The latter question is especially pertinent because one of the candidates ”” the Rev. Canon Michael Barlowe of California ”” married his longtime partner in 2008, before Proposition 8 banned gay marriage in that state.
Barlowe and three other finalists spoke during rotating question and answer sessions at St. Mark’s Cathedral Tuesday night. He and two of the three other candidates said they would support and allow the church’s blessing of same-sex unions and that they would ordain gay clergy in the Beehive State.
Millions of Greek workers were expected to participate in the strike called by Greece’s two major umbrella unions, private-sector GSEE and public-sector Adedy, amid widespread discontent over the measures.
In a statement, GSEE President Yannis Panagopoulos called on workers, retirees and youth to vigorously resist the “harsh and antisocial measures.”
The strikes are a key test for Prime Minister George Papandreou as he tries to turn around his economically beleaguered country. Greece’s fiscal problems have forced Athens to pay six percentage points more than Germany to borrow money, and they have sparked fears of similar problems in other weak European economies.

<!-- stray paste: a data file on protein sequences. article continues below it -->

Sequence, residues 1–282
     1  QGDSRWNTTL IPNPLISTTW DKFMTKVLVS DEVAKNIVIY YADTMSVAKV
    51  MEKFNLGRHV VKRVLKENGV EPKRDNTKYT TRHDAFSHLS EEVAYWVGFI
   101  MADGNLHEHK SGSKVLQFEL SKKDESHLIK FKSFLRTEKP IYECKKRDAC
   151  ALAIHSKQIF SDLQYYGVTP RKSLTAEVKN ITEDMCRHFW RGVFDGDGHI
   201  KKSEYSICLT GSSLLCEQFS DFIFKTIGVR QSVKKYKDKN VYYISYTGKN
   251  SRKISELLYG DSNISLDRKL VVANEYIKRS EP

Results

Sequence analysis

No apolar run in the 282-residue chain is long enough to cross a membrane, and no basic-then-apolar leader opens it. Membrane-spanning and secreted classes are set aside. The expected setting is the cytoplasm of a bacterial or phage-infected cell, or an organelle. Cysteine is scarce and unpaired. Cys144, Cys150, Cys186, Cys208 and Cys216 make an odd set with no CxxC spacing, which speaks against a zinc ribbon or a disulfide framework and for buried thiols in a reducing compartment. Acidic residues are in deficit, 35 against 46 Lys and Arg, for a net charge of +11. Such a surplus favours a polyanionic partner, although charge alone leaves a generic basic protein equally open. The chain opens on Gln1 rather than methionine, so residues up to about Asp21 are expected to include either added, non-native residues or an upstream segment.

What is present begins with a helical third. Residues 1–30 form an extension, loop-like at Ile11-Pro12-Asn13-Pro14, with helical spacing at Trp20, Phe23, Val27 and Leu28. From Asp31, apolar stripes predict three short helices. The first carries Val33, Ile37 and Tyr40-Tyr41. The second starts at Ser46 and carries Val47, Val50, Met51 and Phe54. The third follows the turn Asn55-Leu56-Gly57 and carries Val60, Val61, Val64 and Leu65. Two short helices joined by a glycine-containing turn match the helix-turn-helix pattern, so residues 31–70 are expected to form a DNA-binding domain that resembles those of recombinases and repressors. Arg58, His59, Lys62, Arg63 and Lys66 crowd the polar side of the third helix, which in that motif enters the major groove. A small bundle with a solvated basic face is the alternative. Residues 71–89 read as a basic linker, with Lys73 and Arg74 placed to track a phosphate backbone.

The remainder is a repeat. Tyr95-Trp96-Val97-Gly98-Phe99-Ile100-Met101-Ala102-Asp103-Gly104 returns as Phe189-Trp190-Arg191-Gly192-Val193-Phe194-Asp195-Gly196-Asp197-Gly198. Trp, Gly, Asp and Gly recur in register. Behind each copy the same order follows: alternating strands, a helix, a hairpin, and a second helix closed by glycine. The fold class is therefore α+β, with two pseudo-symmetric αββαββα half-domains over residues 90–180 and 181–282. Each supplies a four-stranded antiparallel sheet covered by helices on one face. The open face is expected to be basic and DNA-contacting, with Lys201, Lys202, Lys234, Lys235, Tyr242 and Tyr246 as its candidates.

Some political analysts said the strikes are unlikely to shake the government’s resolve to push through the cuts, at least for now.
A breakaway parish that has fought a long-running legal battle to retain control of its seaside church is once again hoping to take its fight to the California Supreme Court.
St. James Anglican Church, a self-described “biblically orthodox” congregation that sought to distance itself from the national Episcopal Church due to disagreements over scriptural teachings and the ordination of a gay bishop, filed a petition to the California Supreme Court on Tuesday as part of an effort to be declared the owner of the church property.
Attorneys for the Episcopal Church and for Diocese of Pennsylvania Bishop Charles Bennison argued before an ecclesiastical appeals court here May 4 about whether the bishop should have been tried and convicted on charges stemming from his response to his priest brother’s sexual misconduct some 35 years ago.